his or her culpable negligence.” 725 ILCS 5/122-1(c).
When applied according to its plain and natural meaning, this provision removes the
gross incongruity that otherwise would exist. A defendant who relies on counsel to advise him
regarding the time for filing a post-conviction petition might not have a pure claim of ineffective
assistance of counsel, but such a defendant cannot be deemed “culpably negligent.” This safe
harbor provision makes immense sense within the context of the post-conviction statute. The
legislature recognized that it had created a brief period of time in which defendants–including
capital defendants–would often be without officially appointed counsel. The legislature also
recognized that the only fatal damage that a capital defendant could suffer during that period
would be to miss the deadline for filing a post-conviction petition.4 Hence, the legislature
created a broad safe harbor–allowing defendants to file tardy petitions (even if they were
negligent in not having filed earlier) so long as they were not “culpably negligent.”
4 Once a timely petition for post-conviction relief in a capital case is filed, counsel is automatically appointed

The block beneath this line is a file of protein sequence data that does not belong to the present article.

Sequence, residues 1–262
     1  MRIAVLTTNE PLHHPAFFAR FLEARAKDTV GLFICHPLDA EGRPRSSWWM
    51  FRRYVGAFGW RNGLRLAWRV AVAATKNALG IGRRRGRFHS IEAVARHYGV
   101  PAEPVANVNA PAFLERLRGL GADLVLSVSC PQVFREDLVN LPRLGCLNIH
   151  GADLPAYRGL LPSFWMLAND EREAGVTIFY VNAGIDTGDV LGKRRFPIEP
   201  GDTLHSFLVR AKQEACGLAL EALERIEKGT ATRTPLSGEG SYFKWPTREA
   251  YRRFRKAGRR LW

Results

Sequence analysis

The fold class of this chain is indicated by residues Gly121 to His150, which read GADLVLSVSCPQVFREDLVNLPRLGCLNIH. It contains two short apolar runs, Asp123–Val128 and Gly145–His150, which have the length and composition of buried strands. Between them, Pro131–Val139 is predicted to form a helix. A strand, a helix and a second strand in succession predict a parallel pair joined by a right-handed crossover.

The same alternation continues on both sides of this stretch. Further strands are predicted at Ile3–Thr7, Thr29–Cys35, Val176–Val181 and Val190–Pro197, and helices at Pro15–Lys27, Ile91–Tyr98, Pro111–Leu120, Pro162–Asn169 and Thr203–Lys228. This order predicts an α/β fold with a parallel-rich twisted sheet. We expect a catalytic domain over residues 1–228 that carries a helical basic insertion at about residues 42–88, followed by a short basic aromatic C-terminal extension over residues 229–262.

and is routinely given leave to amend the petition. 725 ILCS 122-2.1(a)(1). Thus, the risk to a capital defendant
relates to the timing of the petition, not to its contents.
By contrast, if this provision is read to require dismissal of a petition even when the
petitioner was relying on the advice of counsel, the statutory scheme makes no sense whatsoever.
It is absurd to think that the legislature intended to provide appointed counsel, as a matter of
right, to all indigent capital defendants, but not provide the right to meaningful counsel during
the critical time in which the right to file such a petition could be forever lost through an
uneducated defendant‟s error. Such a result would be utterly inconsistent with the legislature‟s,
and this Court‟s, otherwise responsible philosophy of ensuring competent representation of
capital defendants throughout their litigation in the Illinois courts.
The amici respectfully submit that the unfairness of narrowly reading the safe harbor
provision could not be more manifest than in the present case. It was the State of Illinois that
provided counsel to Rissley in the person of Mr. Schiedel. Mr. Schiedel is not only an